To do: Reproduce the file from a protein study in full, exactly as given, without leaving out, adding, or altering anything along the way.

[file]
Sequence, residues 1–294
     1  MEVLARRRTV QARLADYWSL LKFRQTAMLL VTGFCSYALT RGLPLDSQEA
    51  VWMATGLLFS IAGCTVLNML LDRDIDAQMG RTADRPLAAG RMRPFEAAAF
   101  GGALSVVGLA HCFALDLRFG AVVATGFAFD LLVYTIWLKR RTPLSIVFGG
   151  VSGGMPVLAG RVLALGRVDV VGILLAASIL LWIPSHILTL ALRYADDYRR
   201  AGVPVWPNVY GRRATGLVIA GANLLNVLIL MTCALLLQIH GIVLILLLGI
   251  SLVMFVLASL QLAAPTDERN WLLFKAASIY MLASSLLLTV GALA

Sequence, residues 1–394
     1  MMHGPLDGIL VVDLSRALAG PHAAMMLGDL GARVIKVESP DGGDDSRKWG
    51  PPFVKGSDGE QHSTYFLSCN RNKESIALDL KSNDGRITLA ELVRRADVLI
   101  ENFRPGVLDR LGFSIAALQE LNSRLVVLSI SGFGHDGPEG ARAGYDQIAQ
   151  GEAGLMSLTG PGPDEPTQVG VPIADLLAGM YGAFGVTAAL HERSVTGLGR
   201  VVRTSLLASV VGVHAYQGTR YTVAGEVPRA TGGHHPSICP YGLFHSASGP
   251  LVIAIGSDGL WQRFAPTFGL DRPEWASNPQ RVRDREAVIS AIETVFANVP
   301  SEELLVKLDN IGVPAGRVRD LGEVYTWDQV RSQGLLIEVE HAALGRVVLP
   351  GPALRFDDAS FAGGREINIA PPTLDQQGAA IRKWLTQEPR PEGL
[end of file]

Sequence, residues 1–294
     1  MEVLARRRTV QARLADYWSL LKFRQTAMLL VTGFCSYALT RGLPLDSQEA
    51  VWMATGLLFS IAGCTVLNML LDRDIDAQMG RTADRPLAAG RMRPFEAAAF
   101  GGALSVVGLA HCFALDLRFG AVVATGFAFD LLVYTIWLKR RTPLSIVFGG
   151  VSGGMPVLAG RVLALGRVDV VGILLAASIL LWIPSHILTL ALRYADDYRR
   201  AGVPVWPNVY GRRATGLVIA GANLLNVLIL MTCALLLQIH GIVLILLLGI
   251  SLVMFVLASL QLAAPTDERN WLLFKAASIY MLASSLLLTV GALA

Sequence, residues 1–394
     1  MMHGPLDGIL VVDLSRALAG PHAAMMLGDL GARVIKVESP DGGDDSRKWG
    51  PPFVKGSDGE QHSTYFLSCN RNKESIALDL KSNDGRITLA ELVRRADVLI
   101  ENFRPGVLDR LGFSIAALQE LNSRLVVLSI SGFGHDGPEG ARAGYDQIAQ
   151  GEAGLMSLTG PGPDEPTQVG VPIADLLAGM YGAFGVTAAL HERSVTGLGR
   201  VVRTSLLASV VGVHAYQGTR YTVAGEVPRA TGGHHPSICP YGLFHSASGP
   251  LVIAIGSDGL WQRFAPTFGL DRPEWASNPQ RVRDREAVIS AIETVFANVP
   301  SEELLVKLDN IGVPAGRVRD LGEVYTWDQV RSQGLLIEVE HAALGRVVLP
   351  GPALRFDDAS FAGGREINIA PPTLDQQGAA IRKWLTQEPR PEGL